----- Original Message -----
                  Sent: Wednesday, January 03, 2007 12:31 AM
                  Subject: [civilwarwest] Re: Peachtree Creek and The Battle of Atlanta

                  Ron,

                  Agreed that Hood's letters probably did more damage than anyone. But
                  I guess my main point is that Hood was not the only one corresponding
                  directly with Richmond, that is, without going through Johnston. I
                  guess perhaps I have seen too many posts or being involved in too
                  many conversations where Hood is alluded to be the only person who
                  ever engaged in such activity.

                  As to Hood's experience I have to maintain my position. In the Army
                  of Tennessee in mid-1864 there was no one in the army, aside from
                  Hardee who had already passed up the opportunity, who had Hood's
                  experience and length of time in corps command at the very minimum.
                  I think Hood's physical limitations may have precluded him, but Davis
                  obviously looked beyond that. By mid-1864 A. P. Stewart was about
                  the only other person with at least corps command experience who
                  Davis could have turned to. S. D. Lee was new to the scene and
                  neither Frank Cheatham or Patrick Cleburne had experience beyond
                  division command. Forrest is a cavalryman, no one way he could be
                  considered. Maybe Richard Taylor could have been brought in, but he
                  wasn't. Edmund Kirby Smith.....no. R. E. Lee wasn't coming west and
                  Longstreet didn't fit the bill. Beauregard definitely wasn't going
                  to get the nod. So Davis is fed up with Johnston. Who's left?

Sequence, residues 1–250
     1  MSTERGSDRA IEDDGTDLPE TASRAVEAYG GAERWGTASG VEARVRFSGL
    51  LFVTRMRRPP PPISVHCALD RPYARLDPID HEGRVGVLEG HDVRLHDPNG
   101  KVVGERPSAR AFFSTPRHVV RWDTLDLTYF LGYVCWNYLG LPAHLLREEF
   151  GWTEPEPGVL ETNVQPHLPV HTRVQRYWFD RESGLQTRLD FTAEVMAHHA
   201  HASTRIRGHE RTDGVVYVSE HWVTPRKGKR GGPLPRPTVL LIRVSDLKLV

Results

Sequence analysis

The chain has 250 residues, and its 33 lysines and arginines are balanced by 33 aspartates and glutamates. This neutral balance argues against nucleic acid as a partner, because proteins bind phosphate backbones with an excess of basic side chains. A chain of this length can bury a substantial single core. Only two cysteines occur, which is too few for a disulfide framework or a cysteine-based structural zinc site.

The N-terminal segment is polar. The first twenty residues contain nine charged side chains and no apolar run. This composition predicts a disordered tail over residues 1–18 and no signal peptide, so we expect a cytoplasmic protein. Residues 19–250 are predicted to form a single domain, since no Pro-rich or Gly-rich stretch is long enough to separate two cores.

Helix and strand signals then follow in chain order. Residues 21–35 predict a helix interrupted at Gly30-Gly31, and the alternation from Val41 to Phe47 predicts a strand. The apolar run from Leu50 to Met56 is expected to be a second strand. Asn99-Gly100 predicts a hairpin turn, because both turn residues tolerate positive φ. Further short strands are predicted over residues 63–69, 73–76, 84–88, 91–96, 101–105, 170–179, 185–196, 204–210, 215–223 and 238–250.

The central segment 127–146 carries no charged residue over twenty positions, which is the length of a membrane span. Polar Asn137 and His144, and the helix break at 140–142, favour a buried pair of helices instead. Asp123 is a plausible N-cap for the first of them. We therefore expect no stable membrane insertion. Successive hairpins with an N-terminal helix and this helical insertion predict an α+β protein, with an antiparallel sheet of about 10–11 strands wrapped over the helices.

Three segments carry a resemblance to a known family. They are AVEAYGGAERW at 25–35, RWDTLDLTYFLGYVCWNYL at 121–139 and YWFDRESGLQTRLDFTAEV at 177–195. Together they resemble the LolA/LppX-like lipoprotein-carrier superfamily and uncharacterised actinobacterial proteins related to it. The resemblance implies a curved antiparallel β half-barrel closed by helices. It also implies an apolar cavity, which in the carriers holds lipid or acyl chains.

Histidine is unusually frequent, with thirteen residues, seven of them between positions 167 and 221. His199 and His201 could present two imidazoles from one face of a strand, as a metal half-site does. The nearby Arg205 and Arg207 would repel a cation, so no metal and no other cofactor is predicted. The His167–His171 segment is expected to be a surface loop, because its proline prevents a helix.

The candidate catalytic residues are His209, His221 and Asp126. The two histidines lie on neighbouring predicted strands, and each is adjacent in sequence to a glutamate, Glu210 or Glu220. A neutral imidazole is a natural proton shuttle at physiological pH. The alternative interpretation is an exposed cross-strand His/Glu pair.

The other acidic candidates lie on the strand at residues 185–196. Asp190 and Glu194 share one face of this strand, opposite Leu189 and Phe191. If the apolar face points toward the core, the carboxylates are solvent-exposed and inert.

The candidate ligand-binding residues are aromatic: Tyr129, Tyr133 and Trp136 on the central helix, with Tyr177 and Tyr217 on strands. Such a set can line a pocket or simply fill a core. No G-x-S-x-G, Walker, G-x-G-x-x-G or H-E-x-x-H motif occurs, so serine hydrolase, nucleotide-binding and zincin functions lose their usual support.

Eric

                  --- In civilwarwest@ yahoogroups. com, "Ronald black" <rblack0981@ ...>
                  wrote:
                  >
                  > Eric:
                  > I second your comment about Sam's book concerning A. P. Stewart, a
                  very good read.
                  >
                  > Having said that, I must disagree with your comments about Hood,
                  Hardee and Stewart. I do not understand how Stewart and Hardee could
                  be doing the same thing as Hood. It just does not add up. Hood was
                  on a personal basis with Davis and was ambitious. It is obvious that
                  Hood's letters to Davis were injuring Johnston while no such thing
                  resulted by any correspondence between Davis and Hardee and Stewart.
                  The character of these three men clarifies the situation.
                  >
                  > I agree with your second paragraph, mainly concerning Longstreet.
                  My question was to spark some interest among the members. However, I
                  must disagree with your statement in the same paragraph, that Hood
                  had more command expericience. Hood had risen to the level of corps
                  commander, only by commanding a temporary ad-hoc corps at
                  Chickamauga. There were other officers that had as much expericience
                  as Hood. As outlined earlier, Hood's promotion was of personal
                  reasons and his reputation as a fighter. In any event, the time was
                  upon the confederacy and President Davis to breed and create more
                  high level commanders.
                  >
                  > Ron
                  > ----- Original Message -----
                  > From: Eric Jacobson
                  > To: civilwarwest@ yahoogroups. com
                  > Sent: Tuesday, January 02, 2007 8:18 PM
                  > Subject: [civilwarwest] Re: Peachtree Creek and The Battle of
                  Atlanta
                  >
                  >
                  > Sam,
                  >
                  > Nice to correspond with you. I think your book about A. P.
                  Stewart
                  > is among the best bios out there. I defer to your knowledge about
                  > Stewart's letter; I thought there was a June letter as well.
                  > However, I will say that those who demonize Hood use ANY
                  > correspondence he had with Richmond as evidence of dishonesty or
                  > inside maneuvering. But again, Hood was largely doing what Davis
                  had
                  > asked. Some may think him a dupe or worse, but the President had
                  > made the request.
                  >
                  > Also, I think Stewart's effort to suspend Johnston's removal was
                  as
                  > much the result of his happening to show up at Old Joe's
                  headquarters